We’ll begin by configuring an httpClient through Five’s API, saving it in a ‘client’ variable.

As per Slack’s guidelines, we’ll set its ContentType to ‘application/json’ and its content to a straightforward ‘Hello, world.’, We do this by accessing the client variable that we just initialized in step 1 and by asking it to set the content, using the client.setContentType() function and passing application/JSON inside it and we use client.setContent() to define the content of the message that we will be sending to Slack.

function SendToSlack(five, context, result) {
  const client = five.httpClient();
       "text": "Hello, world."


Details on the httpClient and the functions used in the above sample can be found in our documentation

Having defined our message, it’s time to send it out. We’ll dispatch a POST request to our webhook, using and passing our URL in it.

function SendToSlack(five, context, result) {
  const client = five.httpClient();
       "text": "Hello, world."
  const httpResult ="YOUR_WEBHOOK_URL_HERE");

After sending our message, it’s good practice to handle potential responses, especially if there might be errors. This ensures our function behaves predictably. We will do this by using the isOk() method available in Five’s API. It returns a boolean value reflecting the outcome of the response. Lastly, we’ll encapsulate our post request within a try-catch block. Now our function should look something similar to the snippet below.

function SendToSlack(five, context, result) {
  const client = five.httpClient();
       "text": "Hello, world."
  try {
    const httpResult ="YOUR_WEBHOOK_URL_HERE");
    if (httpResult.isOk() === false) {
      return five.createError(httpResult);
  } catch (err) {
  return five.success(result);   

Step 4: Attaching Functions and Forms

Now that our function is ready, let’s move on to the concluding step: linking the function to our form, in a way that it is invoked every time someone submits a form inside of Five.

We can start by navigating back to the form that we built in Step 2 and then clicking on the ‘events’ tab, since Five supports event-driven programming it will show you a list of events that the form goes through.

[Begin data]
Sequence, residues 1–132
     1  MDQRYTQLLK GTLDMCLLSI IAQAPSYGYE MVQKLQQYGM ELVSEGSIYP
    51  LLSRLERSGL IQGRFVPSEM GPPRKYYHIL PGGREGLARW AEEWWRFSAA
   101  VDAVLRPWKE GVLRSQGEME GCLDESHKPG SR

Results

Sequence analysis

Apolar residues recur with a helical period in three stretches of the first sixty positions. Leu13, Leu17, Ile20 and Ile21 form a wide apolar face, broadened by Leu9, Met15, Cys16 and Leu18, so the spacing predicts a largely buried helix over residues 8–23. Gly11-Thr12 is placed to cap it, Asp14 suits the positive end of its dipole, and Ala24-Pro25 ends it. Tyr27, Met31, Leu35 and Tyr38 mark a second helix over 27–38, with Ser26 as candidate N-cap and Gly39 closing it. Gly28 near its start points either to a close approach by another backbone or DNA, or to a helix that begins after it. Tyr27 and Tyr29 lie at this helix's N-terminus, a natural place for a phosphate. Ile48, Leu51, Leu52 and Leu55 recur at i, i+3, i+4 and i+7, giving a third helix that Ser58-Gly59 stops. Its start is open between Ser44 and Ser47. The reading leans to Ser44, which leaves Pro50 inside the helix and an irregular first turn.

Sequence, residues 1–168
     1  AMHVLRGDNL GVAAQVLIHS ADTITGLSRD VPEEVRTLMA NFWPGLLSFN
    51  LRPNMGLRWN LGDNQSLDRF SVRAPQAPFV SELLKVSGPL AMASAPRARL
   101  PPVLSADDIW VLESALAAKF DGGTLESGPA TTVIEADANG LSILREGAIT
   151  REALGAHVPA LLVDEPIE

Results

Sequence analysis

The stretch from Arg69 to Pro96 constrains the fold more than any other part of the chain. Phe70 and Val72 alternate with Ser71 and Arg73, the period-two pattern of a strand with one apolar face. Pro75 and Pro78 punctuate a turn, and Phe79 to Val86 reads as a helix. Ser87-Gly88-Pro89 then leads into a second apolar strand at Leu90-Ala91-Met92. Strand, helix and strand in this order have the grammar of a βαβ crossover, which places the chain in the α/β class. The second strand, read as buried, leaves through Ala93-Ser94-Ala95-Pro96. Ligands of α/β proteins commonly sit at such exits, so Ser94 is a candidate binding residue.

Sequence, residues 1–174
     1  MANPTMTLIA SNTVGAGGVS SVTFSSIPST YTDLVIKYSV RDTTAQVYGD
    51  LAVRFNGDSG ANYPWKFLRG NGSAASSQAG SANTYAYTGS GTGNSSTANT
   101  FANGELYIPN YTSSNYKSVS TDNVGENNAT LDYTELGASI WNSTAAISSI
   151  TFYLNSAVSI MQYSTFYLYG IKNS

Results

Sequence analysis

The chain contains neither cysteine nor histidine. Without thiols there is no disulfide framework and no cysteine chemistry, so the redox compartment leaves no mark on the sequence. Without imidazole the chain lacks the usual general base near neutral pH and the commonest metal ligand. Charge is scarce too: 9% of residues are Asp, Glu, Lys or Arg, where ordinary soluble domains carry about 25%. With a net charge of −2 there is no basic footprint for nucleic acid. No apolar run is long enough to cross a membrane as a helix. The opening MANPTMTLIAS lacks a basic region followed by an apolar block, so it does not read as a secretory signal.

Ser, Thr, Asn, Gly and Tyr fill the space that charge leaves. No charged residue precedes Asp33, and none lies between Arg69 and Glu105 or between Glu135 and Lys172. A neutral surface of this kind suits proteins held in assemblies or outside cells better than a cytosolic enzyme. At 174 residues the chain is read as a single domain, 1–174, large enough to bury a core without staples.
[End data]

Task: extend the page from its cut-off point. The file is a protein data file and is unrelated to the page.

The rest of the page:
Since we want our function to be invoked whenever someone submits a form, we will attach our function to the ‘Do Complete’ event. If you’ve observed, Five offers two completion events:

  • Do Complete
  • On Complete

This distinction exists because Five differentiates between server-side and client-side events. Events that start with ‘Do’ are server-side, and have direct database access. Conversely, events prefixed with ‘On’ are client-side, running directly in the browser.


Now it’s finally time to run our application and see our prototype in action, Simply click on the play button to launch your application. Once you add a record to the form, it will prompt a message in the designated Slack channel. You can see it in working below:

And there you have it! You’ve successfully built an application that integrates with Slack, sending notifications directly to your chosen channel. Throughout this tutorial, you’ve harnessed a variety of Five’s powerful features:

  • Database Management: We’ve learned how to create tables and forms inside Five through the wizard
  • Function Creation: You’ve written a JavaScript function tailored to send messages to Slack. This involved setting up, defining content types, etc
  • API Integration: Using POST requests, you’ve communicated with Slack’s API, sending data directly to a webhook. This showcases how Five can seamlessly interact with external platforms.

You can download the FDF here and test the application yourself before building it. Just remember to replace ‘YOUR_WEBHOOK_URL_HERE’ with your actual webhook.